Pundits are double-counting voter enthusiasm.

Ed Kilgore points out that a lot of the predictions of a rout in November rely on double-counting voter enthusiasm.

Ed Kilgore’s post on the November Congressional makes a lot of good points; the whole thing is worth a read.

But what struck me most was this:

much of the “overestimation” of Democratic strength in past generic polls has involved early tests with no “likely voter” screen. As we get closer to Election Day, the Gallup generic ballot is usually quite accurate (as shown some years ago by TDS contributor Alan Abramowitz of Emory). So it’s not a good idea to just mentally add a few points to Gallup’s number for the GOP and assume that’s close to reality.

This is worth more stress than Ed gives it.  Likely voter screens try to figure out who will vote in November so as to poll only them.  (Rasmussen, which uses a stringent screen, polls incessantly and is therefore overrpresented when sites like pollster.com or RealClearPolitics take poll averages.)  But the well-known finding that Democrats had to be leading in the generic Congressional ballot to hold the house was based on past Gallup polls, which didn’t use a screen.  Democrats needed a big edge to overcome their historically lower turnout in midterm elections.  But likely voter screens, if they’re working as advertised, already control for lower Democratic turnout.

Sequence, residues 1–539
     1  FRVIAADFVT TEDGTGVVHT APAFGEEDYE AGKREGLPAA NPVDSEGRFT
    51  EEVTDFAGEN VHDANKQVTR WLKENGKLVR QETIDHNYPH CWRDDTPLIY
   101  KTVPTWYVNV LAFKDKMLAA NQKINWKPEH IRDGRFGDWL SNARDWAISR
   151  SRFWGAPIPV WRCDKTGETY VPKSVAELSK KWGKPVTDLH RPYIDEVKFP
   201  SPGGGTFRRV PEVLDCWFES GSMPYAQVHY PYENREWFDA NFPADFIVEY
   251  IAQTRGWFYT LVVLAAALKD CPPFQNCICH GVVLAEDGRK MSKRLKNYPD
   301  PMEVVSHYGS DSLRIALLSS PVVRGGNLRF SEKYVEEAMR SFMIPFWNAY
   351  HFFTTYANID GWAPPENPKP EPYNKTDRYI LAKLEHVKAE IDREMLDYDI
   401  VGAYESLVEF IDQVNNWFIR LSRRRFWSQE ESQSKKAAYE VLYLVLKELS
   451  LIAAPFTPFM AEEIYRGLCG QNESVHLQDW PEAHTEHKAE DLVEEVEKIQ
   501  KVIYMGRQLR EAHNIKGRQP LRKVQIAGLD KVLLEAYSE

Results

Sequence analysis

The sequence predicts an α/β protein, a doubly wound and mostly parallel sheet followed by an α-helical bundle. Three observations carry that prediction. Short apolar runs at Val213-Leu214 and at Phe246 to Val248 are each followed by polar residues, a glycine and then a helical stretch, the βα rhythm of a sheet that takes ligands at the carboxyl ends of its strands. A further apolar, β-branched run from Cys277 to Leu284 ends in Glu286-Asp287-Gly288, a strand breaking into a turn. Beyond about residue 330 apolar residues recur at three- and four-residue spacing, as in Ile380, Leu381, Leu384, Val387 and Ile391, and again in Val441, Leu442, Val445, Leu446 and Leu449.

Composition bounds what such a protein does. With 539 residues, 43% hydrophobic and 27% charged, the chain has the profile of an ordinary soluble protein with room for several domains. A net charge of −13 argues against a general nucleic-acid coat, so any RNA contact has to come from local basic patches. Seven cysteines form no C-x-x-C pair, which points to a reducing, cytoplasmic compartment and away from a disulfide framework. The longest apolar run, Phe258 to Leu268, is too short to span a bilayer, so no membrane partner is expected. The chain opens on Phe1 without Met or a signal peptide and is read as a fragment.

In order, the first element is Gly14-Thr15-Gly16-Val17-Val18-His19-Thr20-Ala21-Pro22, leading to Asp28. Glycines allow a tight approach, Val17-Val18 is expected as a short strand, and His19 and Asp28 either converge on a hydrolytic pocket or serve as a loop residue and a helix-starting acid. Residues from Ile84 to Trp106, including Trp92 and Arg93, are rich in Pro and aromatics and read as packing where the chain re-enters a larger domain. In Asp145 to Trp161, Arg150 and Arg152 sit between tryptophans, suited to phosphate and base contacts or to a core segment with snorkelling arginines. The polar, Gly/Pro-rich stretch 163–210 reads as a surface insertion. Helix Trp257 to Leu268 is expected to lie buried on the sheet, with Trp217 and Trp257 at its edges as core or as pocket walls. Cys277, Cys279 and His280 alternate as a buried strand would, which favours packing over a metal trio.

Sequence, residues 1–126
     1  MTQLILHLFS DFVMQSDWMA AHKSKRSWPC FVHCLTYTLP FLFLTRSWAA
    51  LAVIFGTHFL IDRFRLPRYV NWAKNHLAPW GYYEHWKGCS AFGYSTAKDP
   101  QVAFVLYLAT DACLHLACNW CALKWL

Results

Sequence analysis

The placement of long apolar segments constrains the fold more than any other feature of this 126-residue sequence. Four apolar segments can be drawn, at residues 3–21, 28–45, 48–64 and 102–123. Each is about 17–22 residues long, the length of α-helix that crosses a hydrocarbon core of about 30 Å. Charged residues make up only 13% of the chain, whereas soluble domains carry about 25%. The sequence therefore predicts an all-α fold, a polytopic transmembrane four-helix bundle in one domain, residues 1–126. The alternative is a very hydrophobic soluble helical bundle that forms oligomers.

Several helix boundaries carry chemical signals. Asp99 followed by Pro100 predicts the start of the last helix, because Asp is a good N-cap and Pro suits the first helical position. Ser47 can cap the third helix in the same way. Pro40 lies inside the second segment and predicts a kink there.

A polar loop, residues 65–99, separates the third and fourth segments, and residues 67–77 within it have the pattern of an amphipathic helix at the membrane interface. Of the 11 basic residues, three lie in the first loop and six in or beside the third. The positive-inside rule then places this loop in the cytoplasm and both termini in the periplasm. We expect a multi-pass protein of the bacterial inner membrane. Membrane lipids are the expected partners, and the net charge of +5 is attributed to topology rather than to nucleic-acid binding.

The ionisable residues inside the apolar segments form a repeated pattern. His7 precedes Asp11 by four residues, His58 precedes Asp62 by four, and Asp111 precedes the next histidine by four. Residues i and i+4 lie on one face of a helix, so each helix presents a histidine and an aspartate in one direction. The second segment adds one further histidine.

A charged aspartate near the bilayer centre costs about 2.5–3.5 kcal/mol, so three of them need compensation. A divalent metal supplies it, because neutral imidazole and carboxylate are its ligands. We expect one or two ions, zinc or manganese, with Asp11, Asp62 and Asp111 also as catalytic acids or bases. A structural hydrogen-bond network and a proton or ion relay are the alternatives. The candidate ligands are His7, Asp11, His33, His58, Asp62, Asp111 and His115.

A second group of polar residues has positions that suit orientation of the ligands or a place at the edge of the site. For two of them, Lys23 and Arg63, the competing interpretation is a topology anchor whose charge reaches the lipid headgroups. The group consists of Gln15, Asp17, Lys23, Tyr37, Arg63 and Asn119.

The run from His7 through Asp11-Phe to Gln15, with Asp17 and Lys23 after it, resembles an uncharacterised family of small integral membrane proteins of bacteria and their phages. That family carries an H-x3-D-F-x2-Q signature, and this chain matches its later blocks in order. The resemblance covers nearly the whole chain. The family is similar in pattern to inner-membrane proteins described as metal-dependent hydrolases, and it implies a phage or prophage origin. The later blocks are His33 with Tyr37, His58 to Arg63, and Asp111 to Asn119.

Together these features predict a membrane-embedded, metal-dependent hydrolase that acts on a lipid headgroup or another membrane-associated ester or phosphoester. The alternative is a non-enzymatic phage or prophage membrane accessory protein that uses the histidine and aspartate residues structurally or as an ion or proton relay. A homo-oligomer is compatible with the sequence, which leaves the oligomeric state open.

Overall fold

Pundits are routinely double-counting greater Republican enthusiasm.

Author: Andrew Sabl

I'm a political theorist and Visiting Professor (through 2017) in the Program on Ethics, Politics and Economics at Yale. My interests include the history of political thought, toleration, democratic theory, political ethics, problems of coordination and convention, the realist movement in political theory, and the thought of David Hume. My first book, Ruling Passions: Political Offices and Democratic Ethics (Princeton, 2002) covered many of these topics, with a special focus on the varieties of democratic politics and the disparate qualities of mind and character appropriate to those who practice each of them. My second book Hume's Politics: Coordination and Crisis in the History of England was published in 2012; I am currently finishing a book on toleration, with the working title The Virtues of Hypocrisy, under contract with Harvard University Press. A Los Angeles native, I got my B.A. and Ph.D. from Harvard. Before coming to Yale I taught at Vanderbilt and at UCLA, where I was an Assistant, Associate, and Full Professor; and held visiting positions at Williams, Harvard, and Princeton. I am married to Miriam Laugesen, who teaches health policy and the politics of health care at the Mailman School of public health at Columbia, and we have a twelve-year-old son.